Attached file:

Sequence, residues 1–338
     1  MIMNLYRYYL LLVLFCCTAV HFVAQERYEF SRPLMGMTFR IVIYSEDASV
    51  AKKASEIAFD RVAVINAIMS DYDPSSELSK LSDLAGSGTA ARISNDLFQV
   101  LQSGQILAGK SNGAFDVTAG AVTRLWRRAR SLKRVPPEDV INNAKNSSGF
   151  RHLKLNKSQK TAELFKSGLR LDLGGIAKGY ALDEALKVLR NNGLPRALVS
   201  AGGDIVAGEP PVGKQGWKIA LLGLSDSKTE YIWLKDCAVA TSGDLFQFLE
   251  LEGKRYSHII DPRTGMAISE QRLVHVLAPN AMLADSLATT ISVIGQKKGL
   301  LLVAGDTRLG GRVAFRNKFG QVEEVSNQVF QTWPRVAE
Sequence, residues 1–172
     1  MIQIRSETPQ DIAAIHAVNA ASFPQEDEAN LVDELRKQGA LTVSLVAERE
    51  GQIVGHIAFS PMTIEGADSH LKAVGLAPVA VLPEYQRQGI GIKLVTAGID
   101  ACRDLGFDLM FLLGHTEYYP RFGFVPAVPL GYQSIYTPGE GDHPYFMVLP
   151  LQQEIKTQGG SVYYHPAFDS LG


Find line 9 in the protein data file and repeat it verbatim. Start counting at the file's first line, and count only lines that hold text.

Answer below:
Sequence, residues 1–172